After their failure to convince power producers to commit funds to buy liquefied natural gas (LNG), the government is relying on an ad-hoc group of businessmen to bring in shipments in an attempt to keep the country’s first gas import project alive.
Some sponsors of fertiliser-manufacturing companies and owners of gas-fuel stations have been brought under the umbrella to contribute money to import what would be the second consignment of LNG, Petroleum Minister Shahid Khaqan Abbasi said.
“Originally, IPPs (Independent Power Producers) were supposed to open letters of credit to facilitate LNG import. They are the main beneficiaries since they use (expensive) diesel and low sulphur fuel oil,” he said.
“Now, we have incentivised the private sector by allowing it to import gas for its own requirement. It will arrive in the next few days.”
But, just like the first cargo, this one will also come on board the FSRU – floating storage and regasification unit – that was originally meant to be anchored at Port Qasim and work as a processing plant.
A delay in signing the agreement between Pakistan State Oil (PSO) and Qatargas has pushed the government to use the FSRU as a LNG carrier.
FSRU is a large ship with onboard storage tanks and processing plant to convert super-chilled liquid methane back into gaseous form. It remains stationary and processes LNG while vessels bring in new shipments every few days.
It has been hired by Engro’s subsidiary, Elengy, which runs the LNG terminal and collects tolling tariff on gas that goes into national pipeline system.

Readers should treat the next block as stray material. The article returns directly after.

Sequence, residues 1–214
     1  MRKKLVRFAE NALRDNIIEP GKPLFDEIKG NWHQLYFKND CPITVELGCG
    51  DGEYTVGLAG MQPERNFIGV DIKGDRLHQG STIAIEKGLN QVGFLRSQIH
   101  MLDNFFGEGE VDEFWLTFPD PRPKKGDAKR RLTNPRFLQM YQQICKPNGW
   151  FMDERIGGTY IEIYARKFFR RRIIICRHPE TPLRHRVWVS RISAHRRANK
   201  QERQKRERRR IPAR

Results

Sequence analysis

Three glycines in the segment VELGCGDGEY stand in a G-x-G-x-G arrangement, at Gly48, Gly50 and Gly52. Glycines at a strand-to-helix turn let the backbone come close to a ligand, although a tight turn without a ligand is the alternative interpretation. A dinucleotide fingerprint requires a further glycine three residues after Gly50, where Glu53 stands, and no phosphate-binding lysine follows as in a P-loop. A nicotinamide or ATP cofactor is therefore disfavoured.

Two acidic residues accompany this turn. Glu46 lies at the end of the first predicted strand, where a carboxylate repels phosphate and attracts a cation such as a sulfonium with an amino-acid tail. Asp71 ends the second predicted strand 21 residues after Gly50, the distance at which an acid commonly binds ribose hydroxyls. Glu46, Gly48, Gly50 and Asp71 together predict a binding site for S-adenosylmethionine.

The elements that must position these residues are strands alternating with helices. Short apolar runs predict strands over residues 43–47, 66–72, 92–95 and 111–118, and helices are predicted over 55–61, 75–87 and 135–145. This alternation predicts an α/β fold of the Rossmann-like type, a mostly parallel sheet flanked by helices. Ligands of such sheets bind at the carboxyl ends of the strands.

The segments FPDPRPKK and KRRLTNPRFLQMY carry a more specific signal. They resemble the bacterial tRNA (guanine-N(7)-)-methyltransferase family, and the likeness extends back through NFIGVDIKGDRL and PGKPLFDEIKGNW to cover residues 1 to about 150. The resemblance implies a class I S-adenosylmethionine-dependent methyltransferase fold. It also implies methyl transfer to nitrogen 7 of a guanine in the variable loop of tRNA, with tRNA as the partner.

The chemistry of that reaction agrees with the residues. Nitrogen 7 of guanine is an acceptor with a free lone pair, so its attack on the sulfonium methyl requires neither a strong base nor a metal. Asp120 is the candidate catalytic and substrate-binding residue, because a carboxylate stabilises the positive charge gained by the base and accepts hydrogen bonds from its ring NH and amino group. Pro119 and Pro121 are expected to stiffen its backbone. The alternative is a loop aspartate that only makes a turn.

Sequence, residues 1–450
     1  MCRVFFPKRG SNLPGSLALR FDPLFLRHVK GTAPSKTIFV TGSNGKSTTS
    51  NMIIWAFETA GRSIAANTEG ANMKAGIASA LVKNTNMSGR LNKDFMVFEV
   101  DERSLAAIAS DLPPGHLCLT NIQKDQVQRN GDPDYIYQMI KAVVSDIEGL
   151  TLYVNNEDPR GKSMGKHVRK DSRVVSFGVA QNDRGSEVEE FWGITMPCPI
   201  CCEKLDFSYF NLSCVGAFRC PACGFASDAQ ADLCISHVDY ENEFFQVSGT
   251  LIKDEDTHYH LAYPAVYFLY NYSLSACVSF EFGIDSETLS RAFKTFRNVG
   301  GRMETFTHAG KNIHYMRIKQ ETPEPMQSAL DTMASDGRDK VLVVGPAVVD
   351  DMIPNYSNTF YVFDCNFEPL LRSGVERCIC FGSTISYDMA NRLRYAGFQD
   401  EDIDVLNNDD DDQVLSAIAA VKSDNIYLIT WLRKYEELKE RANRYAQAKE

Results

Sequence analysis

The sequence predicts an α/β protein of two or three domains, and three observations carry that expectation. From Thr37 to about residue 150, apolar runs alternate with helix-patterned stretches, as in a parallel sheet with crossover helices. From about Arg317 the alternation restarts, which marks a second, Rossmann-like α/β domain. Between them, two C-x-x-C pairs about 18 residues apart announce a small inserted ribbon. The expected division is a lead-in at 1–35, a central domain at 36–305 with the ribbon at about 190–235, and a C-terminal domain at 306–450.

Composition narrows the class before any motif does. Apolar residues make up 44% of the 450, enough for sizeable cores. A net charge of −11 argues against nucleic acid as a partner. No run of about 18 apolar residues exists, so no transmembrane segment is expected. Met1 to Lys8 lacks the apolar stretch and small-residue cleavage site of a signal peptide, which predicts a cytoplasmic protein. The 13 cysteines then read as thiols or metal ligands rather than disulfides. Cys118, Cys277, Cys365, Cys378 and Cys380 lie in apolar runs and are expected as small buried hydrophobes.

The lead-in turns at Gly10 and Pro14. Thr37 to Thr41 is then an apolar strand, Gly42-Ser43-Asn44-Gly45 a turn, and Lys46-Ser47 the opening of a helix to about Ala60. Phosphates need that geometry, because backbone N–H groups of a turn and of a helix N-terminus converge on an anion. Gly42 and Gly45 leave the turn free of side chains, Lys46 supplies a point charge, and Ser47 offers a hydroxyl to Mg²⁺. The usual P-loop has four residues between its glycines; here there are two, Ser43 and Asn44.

Using FSRU to transport LNG was never part of the project. As a matter of fact, it hasn’t happened in any of the countries, which have used a similar model to import gas.
However, the government’s desperation is also understandable since it has to pay $272,000 to Engro every day as processing fee whether it brings the LNG or not.
When the FSRU first came to Karachi on March 26, it brought along 3,000 million cubic feet of gas, which was paid for by Pak Arab Fertilizer, part of Fatima Group.
Fawad Mukhtar, Fatima’s Chairman, did not say if his group would have share in the second LNG cargo but said that it was in talks with government over the matter.
“What is important to realise is that this LNG project has to be supported. There would be a serious crisis in Punjab if we don’t do that,” he said.
Fatima’s Pak-Arab Fertilizer has been a victim of gas crunch in recent years and remains keen to have uninterrupted supply of gas, which is the key ingredient in making fertiliser.
About the reluctance of the private sector, especially the IPPs, to become part of LNG import project, he said that power producers could not do much if they did not receive timely payments from the sale of electricity.
The diesel-run IPPs, which are most suitable for LNG, include Kapco, Fauji Kabirwala Power, Saif Power, Sapphire Power, Halmore and Orient.
On his part, Petroleum Minister Abbasi insists that circular debt plaguing the power sector has nothing to do with IPPs’ refusal to become part of the LNG project.
“They are already buying diesel and fuel oil under a similar arrangement. In fact, their financial exposure will actually be reduced if they use gas,” he said.
But, the CEO of one of the IPPs says that power producers have actually agreed to provide standby letters of credit. “We just want government to ensure sustainability of gas supply.”
Engro refused to comment.
Published in The Express Tribune, April 22nd, 2015.
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